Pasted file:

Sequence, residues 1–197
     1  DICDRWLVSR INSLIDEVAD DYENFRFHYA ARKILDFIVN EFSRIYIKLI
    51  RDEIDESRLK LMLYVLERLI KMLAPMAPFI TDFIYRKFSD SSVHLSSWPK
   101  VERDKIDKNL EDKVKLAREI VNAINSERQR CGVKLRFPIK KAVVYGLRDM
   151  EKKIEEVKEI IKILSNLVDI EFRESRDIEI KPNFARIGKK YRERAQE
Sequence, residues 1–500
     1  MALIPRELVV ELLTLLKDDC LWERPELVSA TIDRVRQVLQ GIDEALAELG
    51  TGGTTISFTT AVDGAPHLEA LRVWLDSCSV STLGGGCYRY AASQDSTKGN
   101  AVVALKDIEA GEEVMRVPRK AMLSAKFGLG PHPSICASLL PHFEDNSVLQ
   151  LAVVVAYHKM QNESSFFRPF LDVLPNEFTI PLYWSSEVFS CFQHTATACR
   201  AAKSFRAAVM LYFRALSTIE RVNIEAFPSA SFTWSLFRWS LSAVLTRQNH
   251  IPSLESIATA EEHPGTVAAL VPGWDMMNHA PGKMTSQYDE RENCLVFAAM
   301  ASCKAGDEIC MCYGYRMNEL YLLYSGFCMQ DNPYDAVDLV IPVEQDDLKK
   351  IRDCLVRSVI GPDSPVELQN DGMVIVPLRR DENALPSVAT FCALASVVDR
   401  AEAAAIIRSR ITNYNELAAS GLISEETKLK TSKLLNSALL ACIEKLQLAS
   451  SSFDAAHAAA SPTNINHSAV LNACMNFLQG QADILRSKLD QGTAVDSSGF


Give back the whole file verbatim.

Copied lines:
Sequence, residues 1–197
     1  DICDRWLVSR INSLIDEVAD DYENFRFHYA ARKILDFIVN EFSRIYIKLI
    51  RDEIDESRLK LMLYVLERLI KMLAPMAPFI TDFIYRKFSD SSVHLSSWPK
   101  VERDKIDKNL EDKVKLAREI VNAINSERQR CGVKLRFPIK KAVVYGLRDM
   151  EKKIEEVKEI IKILSNLVDI EFRESRDIEI KPNFARIGKK YRERAQE
Sequence, residues 1–500
     1  MALIPRELVV ELLTLLKDDC LWERPELVSA TIDRVRQVLQ GIDEALAELG
    51  TGGTTISFTT AVDGAPHLEA LRVWLDSCSV STLGGGCYRY AASQDSTKGN
   101  AVVALKDIEA GEEVMRVPRK AMLSAKFGLG PHPSICASLL PHFEDNSVLQ
   151  LAVVVAYHKM QNESSFFRPF LDVLPNEFTI PLYWSSEVFS CFQHTATACR
   201  AAKSFRAAVM LYFRALSTIE RVNIEAFPSA SFTWSLFRWS LSAVLTRQNH
   251  IPSLESIATA EEHPGTVAAL VPGWDMMNHA PGKMTSQYDE RENCLVFAAM
   301  ASCKAGDEIC MCYGYRMNEL YLLYSGFCMQ DNPYDAVDLV IPVEQDDLKK
   351  IRDCLVRSVI GPDSPVELQN DGMVIVPLRR DENALPSVAT FCALASVVDR
   401  AEAAAIIRSR ITNYNELAAS GLISEETKLK TSKLLNSALL ACIEKLQLAS
   451  SSFDAAHAAA SPTNINHSAV LNACMNFLQG QADILRSKLD QGTAVDSSGF